Emricasan could fail to receive regulatory approval for many reasons, including the following:

 

·

the FDA or comparable foreign regulatory authorities may disagree with the design or implementation of our clinical trials;

 

·

we may be unable to demonstrate to the satisfaction of the FDA or comparable foreign regulatory authorities that emricasan is safe and effective for any of its proposed indications;

 

·

the results of clinical trials may not meet the level of statistical significance required by the FDA or comparable foreign regulatory authorities for approval;

 

·

we may be unable to demonstrate that emricasan’s clinical and other benefits outweigh its safety risks;

 

·

the FDA or comparable foreign regulatory authorities may disagree with our interpretation of data from preclinical studies or clinical trials;

 

·

the data collected from clinical trials of emricasan may not be sufficient to the satisfaction of the FDA or comparable foreign regulatory authorities to support the submission of an NDA or other comparable submission in foreign jurisdictions or to obtain regulatory approval in the United States or elsewhere;

 

·

the FDA or comparable foreign regulatory authorities may fail to approve the manufacturing processes or facilities of third-party manufacturers with which we contract for clinical and commercial supplies; and

 

·

the approval policies or regulations of the FDA or comparable foreign regulatory authorities may significantly change in a manner rendering our clinical data insufficient for approval.

23


This lengthy approval process as well as the unpredictability of future clinical trial results may result in our failure to obtain regul atory approval to market emricasan, which would significantly harm our business, prospects, financial condition and results of operations. In addition, even if we were to obtain approval, regulatory authorities may grant approval contingent on the performa nce of costly post-marketing clinical trials or the imposition of a risk evaluation and mitigation strategy requiring substantial additional post-approval safety measures. Moreover, any approvals that we obtain may not cover all of the clinical indications for which we are seeking approval or could contain significant limitations in the form of narrow indications, warnings, precautions or contra-indications with respect to conditions of use. In such event, our ability to generate revenues would be greatly r educed and our business would be harmed.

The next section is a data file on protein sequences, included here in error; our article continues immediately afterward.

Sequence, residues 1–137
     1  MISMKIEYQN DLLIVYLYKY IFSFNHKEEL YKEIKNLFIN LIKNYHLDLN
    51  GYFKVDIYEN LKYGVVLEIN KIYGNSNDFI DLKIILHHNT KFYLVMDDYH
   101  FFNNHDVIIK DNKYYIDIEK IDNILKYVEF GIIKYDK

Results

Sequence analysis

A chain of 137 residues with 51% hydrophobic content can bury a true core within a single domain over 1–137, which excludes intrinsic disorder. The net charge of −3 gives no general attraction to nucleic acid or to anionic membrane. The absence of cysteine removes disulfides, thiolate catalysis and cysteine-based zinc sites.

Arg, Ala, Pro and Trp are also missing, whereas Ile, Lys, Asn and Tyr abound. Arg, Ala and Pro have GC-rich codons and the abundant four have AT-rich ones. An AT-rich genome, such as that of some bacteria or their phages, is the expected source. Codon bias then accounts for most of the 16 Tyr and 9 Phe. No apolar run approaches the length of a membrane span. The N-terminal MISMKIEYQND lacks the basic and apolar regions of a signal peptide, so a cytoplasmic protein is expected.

ITEM 2.

UNREGISTERED SALES OF EQUITY SECURITIES AND USE OF PROCEEDS

Unregistered Sales of Equity Securities

None.

Use of Proceeds

On July 24, 2013, our Registration Statement on Form S-1 (File No. 333-189305), which registered an aggregate amount of up to $69.0 million of our common stock, was declared effective by the Securities and Exchange Commission for our initial public offering, or IPO. On July 25, 2013, we filed a Registration Statement pursuant to Rule 462(b) (File No. 333-190115), which registered an additional aggregate amount of up to $6.9 million of our common stock. At the closing of our IPO on July 30, 2013, we sold 6,000,000 shares of common stock at an IPO price of $11.00 per share and received gross proceeds of $66.0 million, which resulted in net proceeds to us of $58.6 million, after underwriting discounts and commissions of $4.6 million and offering-related transaction costs of $2.8 million. None of the expenses associated with our IPO were paid to directors, officers, persons owning ten percent or more of any class of equity securities, or to their associates, or to our affiliates. Stifel, Nicolaus & Company, Incorporated and Piper Jaffray & Co. acted as joint book-running managers, and JMP Securities LLC and SunTrust Robinson Humphrey, Inc. acted as co-managers for our IPO. On August 23, 2013, the underwriters’ 30-day over-allotment option to purchase an additional 900,000 shares of common stock in our IPO expired without being exercised and the IPO terminated.

We intend to use the net offering proceeds to fund the clinical development of emricasan and for working capital and general corporate purposes. Pending use of the net proceeds, we plan to invest the net proceeds from our IPO in short- and intermediate-term, interest-bearing obligations, investment-grade instruments, certificates of deposit or direct or guaranteed obligations of the U.S. government. Through September 30, 2015, the net proceeds have been applied as follows: $20.0 million towards the clinical development of emricasan and $28.2 million towards working capital and general corporate purposes.

Issuer Purchases of Equity Securities

The following table contains information relating to the repurchases of our common stock made by us in the quarter ended September 30, 2015.

 

 

 

 

 

 

 

 

 

 

 

Number of

 

 

Maximum